Delphi 2009 Productivity Tour - Thank You Orange County and Los Angeles

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I just got back from Southern California as part of the Delphi 2009 Productivity Tour. On the way down to Orange County, I brought the rain with me from Northern California.  Thursday and Friday were nice and sunny.  It was great to see so many developers at the stops (and the Pizza and Sodas were great too).  I also had the chance to visit several Delphi customer's offices (more about that in another blog post) and also have lunch with my daughter Emily.

One of the most requested topics from many attendees was "Migrating your Delphi Projects to 2009 - 6 things you should know".

  • Moving projects from previous versions - no worries, your project files will be converted to 2009's MS Build project file format.

  • Code reuse - how much code can you move forward? It depends on the projects you are building. If the project is a Win32 project then you are mostly good to go (see the comments in the 3rd Party Components and Unicode sections below). If you are building ASP.NET applications, you will need the new Delphi Prism (available separately or as part of RAD Studio 2009) - here some re-assembly is required - watch the "Migrating Delphi ASP.NET Applications to Delphi Prism " video.

  • Modernizing/Updating your application's user interfaces - there are new and enhanced VCL components. Mostly you can just re-compile and then take advance of the enhanced TButton, TEdit, TImageList, TTreeView, TListView, and TProgressBar. You can also use the new TCategoryPanelGroup, TButtonedEdit, TLinkLabel, and TBaloonHint components. If you want the Office 2007 UI look and feel, you can use Delphi's new, all native code Ribbon Controls.

  • Building Database Applications - you can take advantage of the dbExpress 4 architecture and drivers. If you are still using dBASE and Paradox tables you can still use the BDE components. If you are using Remote Data Module (RDM) DCOM-based Midas technology you can continue to use them or convert your RDM9s) to use the new TCPIP/JSON based DataSnap 2009.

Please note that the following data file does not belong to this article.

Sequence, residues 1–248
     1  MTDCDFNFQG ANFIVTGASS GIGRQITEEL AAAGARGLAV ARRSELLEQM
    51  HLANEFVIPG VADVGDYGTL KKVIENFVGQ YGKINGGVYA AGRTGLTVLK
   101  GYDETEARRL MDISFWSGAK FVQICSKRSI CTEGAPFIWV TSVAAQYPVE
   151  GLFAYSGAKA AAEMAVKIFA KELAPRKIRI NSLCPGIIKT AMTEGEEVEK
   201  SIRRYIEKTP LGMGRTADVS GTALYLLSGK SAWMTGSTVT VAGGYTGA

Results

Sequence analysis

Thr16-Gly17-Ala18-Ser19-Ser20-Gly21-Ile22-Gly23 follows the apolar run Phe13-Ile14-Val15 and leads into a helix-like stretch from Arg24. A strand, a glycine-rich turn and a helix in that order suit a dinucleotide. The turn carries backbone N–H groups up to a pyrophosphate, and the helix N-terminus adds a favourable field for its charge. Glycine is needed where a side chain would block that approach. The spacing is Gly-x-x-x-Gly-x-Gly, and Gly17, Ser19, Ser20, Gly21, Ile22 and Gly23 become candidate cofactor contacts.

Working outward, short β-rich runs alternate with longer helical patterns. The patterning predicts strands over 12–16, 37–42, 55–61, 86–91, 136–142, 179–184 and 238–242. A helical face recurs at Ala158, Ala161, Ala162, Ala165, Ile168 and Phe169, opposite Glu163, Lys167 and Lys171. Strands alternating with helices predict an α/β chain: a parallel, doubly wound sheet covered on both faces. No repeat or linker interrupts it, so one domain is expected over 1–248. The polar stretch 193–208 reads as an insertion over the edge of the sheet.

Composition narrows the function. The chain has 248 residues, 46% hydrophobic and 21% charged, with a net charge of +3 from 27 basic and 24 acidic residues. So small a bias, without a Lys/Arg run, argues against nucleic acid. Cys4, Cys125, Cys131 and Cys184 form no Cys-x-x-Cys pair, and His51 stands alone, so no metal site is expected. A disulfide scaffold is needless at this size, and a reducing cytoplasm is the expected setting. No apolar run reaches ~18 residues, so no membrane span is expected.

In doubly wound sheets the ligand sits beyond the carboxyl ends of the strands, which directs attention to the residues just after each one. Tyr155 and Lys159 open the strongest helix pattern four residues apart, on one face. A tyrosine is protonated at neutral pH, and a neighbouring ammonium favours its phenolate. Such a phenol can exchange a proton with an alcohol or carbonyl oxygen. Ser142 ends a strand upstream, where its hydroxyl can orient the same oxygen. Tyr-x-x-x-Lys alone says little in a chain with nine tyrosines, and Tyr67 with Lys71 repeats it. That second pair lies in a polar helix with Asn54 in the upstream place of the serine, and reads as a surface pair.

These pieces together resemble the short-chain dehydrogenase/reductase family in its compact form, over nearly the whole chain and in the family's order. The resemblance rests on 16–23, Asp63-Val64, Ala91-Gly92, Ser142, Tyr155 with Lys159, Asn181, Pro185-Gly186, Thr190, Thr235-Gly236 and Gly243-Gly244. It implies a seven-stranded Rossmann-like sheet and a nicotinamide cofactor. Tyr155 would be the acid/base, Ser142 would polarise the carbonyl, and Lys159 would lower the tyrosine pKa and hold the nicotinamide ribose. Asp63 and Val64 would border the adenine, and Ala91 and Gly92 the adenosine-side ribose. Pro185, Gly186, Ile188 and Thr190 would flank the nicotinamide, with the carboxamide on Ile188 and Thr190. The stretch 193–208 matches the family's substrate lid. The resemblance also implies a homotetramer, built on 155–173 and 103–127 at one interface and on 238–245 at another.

• Existing Components (your own or 3rd Party) - most of the technology partners have updated their components to support Delphi 2009. You can see the (constantly being updated) list at You can also use our tools and components Technology Partner Directory search engine to find updated 3rd Party solutions that work with Delphi 2009.  For open source, freeware, or shareware components check out those project web sites (if they have not been updated - send me an email with the project/component name to This email address is being protected from spambots. You need JavaScript enabled to view it.). If you have components that need updating and the vendor has not made them compatible with Delphi 2009 send me an email (This email address is being protected from spambots. You need JavaScript enabled to view it.) with the vendor and component names.

  • Globalizing your applications with Unicode - If you need to build applications for your muilti-national company or want to sell your software across the planet, there are a few things you need to know about in Delphi 2009:
      String = UnicodeString
      If you need String to = AnsiString convert your declaration(s) to AnsiString
      You can also declare variables to AnsiString(codepage)
      string[<1-255>] = AnsiChar elements
      Char = WideChar = UTF16 character
      PChar = PWideChar
      <Char> in <set of AnsiChar>

There are many articles and videos about all these subjects on the Embarcadero Developer Network.  Andreano Lanusse recently posted his white paper, "Reasons to Migrate from Delphi 7 to Delphi 2009". It is worth reading in detail.

We have additional Delphi 2009 Productivity Tour stops for the tour happening this month. Anders is in New York, Boston, and Rochester this week. We have DataRage online next week. I will be in Houston on March 24th. Anders will be in the Washington DC area at the end of March and in Chicago at the beginning of April. We will be hitting additional cities in Q2 as well.

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David Intersimone (known to many as David I.) is a passionate and innovative software industry veteran-often referred to as a developer icon-who extols and educates the world on Embarcadero developer tools. He shares his visions as an active member of the industry speaking circuit and is tapped as an expert source by the media. He is a long-standing champion of architects, developers and database professionals and works to ensure that their needs are folded into Embarcadero's strategic product plans. David holds a bachelor's degree in computer science from California Polytechnic State University at San Luis Obispo, California.


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